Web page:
Don't Mix Your Politics & Your Portfolio
With midterms on the horizon, questions have begun about what may happen and how elections could affect the markets. In this week’s pieces, Jake and Tim discuss the dangers of mixing politics and portfolios, how a good partner can keep you on track, as well as how markets have historically fared following US midterm elections.
Five Things You Should Know
Insight for Investors
To be successful in any endeavor one needs to understand their shortcomings just as much as their strengths, and for investors, one such short coming is emotionally driven decision making in what to buy/sell, whether that is in one’s day to day life or their portfolio.
In our Commentary last October 1st entitled, “What’s the Value in Working with an Advisor Anyway?”, we covered some things a good advisor can help with beyond just financial planning or asset allocation. A few of the key points could be summarized in just being a good partner/friend for the emotional journey any investor takes whether triggered by things in life in general or the stock market.
As we discussed in that commentary, potential triggers that can induce counterproductive emotional decisions can be health issues, capacity issues, heartbreaking loss, or simply especially busy times of life to name a few.
One other that comes around with some regularity is politics. At any given point in time roughly half of the country is somewhat discouraged by the direction of the country because their party of choice isn’t in power. And while politicians certainly influence our world, the reality is that markets actually don’t act all that differently regardless of who is in power and the reason for that is because innovators, creators, and the hard-working people of this world carry on and pull the world forward in spite of politics and politicians.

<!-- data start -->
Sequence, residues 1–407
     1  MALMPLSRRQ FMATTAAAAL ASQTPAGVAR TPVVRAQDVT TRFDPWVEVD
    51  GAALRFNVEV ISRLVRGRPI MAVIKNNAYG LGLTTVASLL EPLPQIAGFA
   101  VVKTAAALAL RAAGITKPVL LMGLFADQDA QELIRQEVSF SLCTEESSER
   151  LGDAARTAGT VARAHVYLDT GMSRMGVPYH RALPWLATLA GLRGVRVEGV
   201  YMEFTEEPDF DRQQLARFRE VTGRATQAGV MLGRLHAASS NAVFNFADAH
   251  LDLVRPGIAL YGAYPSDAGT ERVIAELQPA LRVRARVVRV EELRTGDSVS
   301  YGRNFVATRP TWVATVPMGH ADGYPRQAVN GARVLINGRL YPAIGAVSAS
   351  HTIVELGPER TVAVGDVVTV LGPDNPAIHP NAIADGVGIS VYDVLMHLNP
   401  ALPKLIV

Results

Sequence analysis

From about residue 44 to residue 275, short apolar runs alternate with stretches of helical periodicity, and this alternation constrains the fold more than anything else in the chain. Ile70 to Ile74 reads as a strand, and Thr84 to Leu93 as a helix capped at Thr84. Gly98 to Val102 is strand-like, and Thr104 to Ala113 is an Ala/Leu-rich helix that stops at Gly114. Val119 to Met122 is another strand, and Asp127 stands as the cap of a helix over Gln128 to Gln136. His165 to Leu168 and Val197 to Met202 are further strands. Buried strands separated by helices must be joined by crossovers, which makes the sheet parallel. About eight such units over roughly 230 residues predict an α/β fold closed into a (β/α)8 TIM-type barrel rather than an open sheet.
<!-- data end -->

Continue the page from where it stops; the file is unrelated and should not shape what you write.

As Jake discusses in the video above, and Brian Wesbury in the article below, history is firmly on the side of the resiliency of those types of people named above to persevere and as a consequence, for the economy and market to do the same.
By all means, embrace of life of passion (and kindness) to those causes you care deeply about, but do not let your political leanings, and corresponding sentiments based on elections, induce fear or greed that derails a well-designed plan and portfolio.
One thing that helps us be the positive partner to clients despite the political environment is because every day we get to talk to all of you, and regardless of one’s politic, see the amazing hearts, work ethics and ideas that truly define what this country is about and why we can all be hopeful of tomorrow.
Have a wonderful weekend,
Tim and the team at TEN Capital
Brian S. Wesbury, Chief Economist
Robert Stein, Deputy Chief Economist
Initially published on 8/15/2022
With less than three months left before the 2022 mid-term elections, it is officially silly season when it comes to interpreting economic reports. For many analysts it’s pretty much all politics all the time, with data seen through a political lens first, and with real unbiased economic analysis coming maybe second, if ever.